Rhody bloggers ~ Michelle Meek ~ Providence

Blogger’s name: Michele Meek
Blog name: The Rhode Less Traveled
Twitter: https://twitter.com/michelemeek
Facebook: https://www.facebook.com/michelemeek/


1. Tell us about your blog.
The Rhode Less Traveled is a blog about great things from the small state of Rhode Island. We write about food, culture, and other activities for those living or visiting the state, and we offer some advice for those considering moving to the state.



2. Is there a story behind the name of your blog?
After having lived in New York and Boston and having spent extended time in Europe, our decision to move to Providence felt a bit like taking the “road less traveled.” And, well, it’s hard to resist a pun. So, The Rhode Less Traveled just fit. And I still believe that Rhode Island has been largely undiscovered—which may be part of what makes it great.

3. How did you get started?
I’ve always been a writer. In fact, the most consistent thing I could say about myself would be that I write. I started to write a book when I was eight-years-old, and I’ve been writing ever since in a variety of forms. In college, I was the editor of the school newspaper, and over the years, I’ve written everything from books, to magazine articles, to blog posts, to (most recently) a dissertation!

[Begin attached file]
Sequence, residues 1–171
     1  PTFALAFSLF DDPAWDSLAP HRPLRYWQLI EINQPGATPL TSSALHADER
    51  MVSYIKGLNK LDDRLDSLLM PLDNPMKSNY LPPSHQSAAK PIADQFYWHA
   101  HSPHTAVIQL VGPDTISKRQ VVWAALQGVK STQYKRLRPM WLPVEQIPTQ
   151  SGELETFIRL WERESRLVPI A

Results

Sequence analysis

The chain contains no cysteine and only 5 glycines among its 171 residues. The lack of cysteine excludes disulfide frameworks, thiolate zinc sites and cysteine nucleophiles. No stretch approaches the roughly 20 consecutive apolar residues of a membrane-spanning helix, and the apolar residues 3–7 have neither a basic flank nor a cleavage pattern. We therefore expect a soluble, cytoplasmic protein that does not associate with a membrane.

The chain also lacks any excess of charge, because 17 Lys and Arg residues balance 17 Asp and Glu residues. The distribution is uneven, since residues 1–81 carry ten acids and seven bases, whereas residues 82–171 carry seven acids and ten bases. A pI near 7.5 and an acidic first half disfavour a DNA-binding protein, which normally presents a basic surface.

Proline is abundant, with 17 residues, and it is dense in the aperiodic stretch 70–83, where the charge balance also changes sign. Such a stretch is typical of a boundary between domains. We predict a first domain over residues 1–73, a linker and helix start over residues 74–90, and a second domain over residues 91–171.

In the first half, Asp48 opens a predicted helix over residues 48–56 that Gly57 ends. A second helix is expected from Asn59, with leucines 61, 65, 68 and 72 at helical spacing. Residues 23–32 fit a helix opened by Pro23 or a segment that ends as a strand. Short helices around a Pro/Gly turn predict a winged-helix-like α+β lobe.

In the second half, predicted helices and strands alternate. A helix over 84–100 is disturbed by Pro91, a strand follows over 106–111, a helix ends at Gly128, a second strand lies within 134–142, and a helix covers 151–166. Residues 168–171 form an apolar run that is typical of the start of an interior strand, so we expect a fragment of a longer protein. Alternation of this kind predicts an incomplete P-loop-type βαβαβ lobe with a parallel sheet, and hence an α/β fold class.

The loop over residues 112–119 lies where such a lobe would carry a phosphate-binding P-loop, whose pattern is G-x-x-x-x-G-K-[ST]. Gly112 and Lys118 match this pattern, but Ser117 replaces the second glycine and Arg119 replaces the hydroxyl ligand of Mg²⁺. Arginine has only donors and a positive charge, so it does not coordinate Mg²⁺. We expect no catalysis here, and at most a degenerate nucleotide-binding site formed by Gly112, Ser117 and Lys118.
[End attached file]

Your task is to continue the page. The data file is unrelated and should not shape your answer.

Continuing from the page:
As for blogging specifically, I started when we traveled through Europe in 2005, and I received so much great feedback from friends and family that I decided to start doing it more publicly.

When we moved to Rhode Island, I launched the blog and simply started posting on things that I liked. Over the years it has grown to hundreds of posts on food, activities, and culture throughout the state.

4. Who is your target audience?
When I write, I typically feel as if I’m talking to fellow Rhode Islanders who share my love of the state and want to discover new things. But, in fact, the blog continues to reach many people who are considering moving to the state.

Although I’ve tried to solicit some guest blog posts over the years to mix it up, I have to say that largely the blog would be considered ‘family friendly’ in that many of the activities and restaurants would be suitable for families. I’m not really out clubbing these days, so I can’t really write posts on the local singles, bar and club scene! (If anyone out there wants to chime in though, I’m open to it!)



5. What do you love about what you do?
Writing is work, but it’s work that I love. It’s honestly a joy for me to see people learn about something new from the blog, or for someone to think more seriously about moving to Providence after reading my posts. I love where I live, and the blog is my way of sharing that. For that reason, I have made the conscious decision to write only about things I enjoy. If I go to a restaurant and hate it, you won’t find a post about it on my site.

6. What’s your most popular type of post?